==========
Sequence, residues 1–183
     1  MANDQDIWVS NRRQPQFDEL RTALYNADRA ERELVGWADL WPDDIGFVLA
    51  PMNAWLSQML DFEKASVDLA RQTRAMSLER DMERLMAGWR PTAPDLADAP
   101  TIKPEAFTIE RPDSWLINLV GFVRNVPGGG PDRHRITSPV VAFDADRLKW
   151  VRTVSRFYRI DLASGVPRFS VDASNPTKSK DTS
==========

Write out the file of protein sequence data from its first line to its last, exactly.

Sequence, residues 1–183
     1  MANDQDIWVS NRRQPQFDEL RTALYNADRA ERELVGWADL WPDDIGFVLA
    51  PMNAWLSQML DFEKASVDLA RQTRAMSLER DMERLMAGWR PTAPDLADAP
   101  TIKPEAFTIE RPDSWLINLV GFVRNVPGGG PDRHRITSPV VAFDADRLKW
   151  VRTVSRFYRI DLASGVPRFS VDASNPTKSK DTS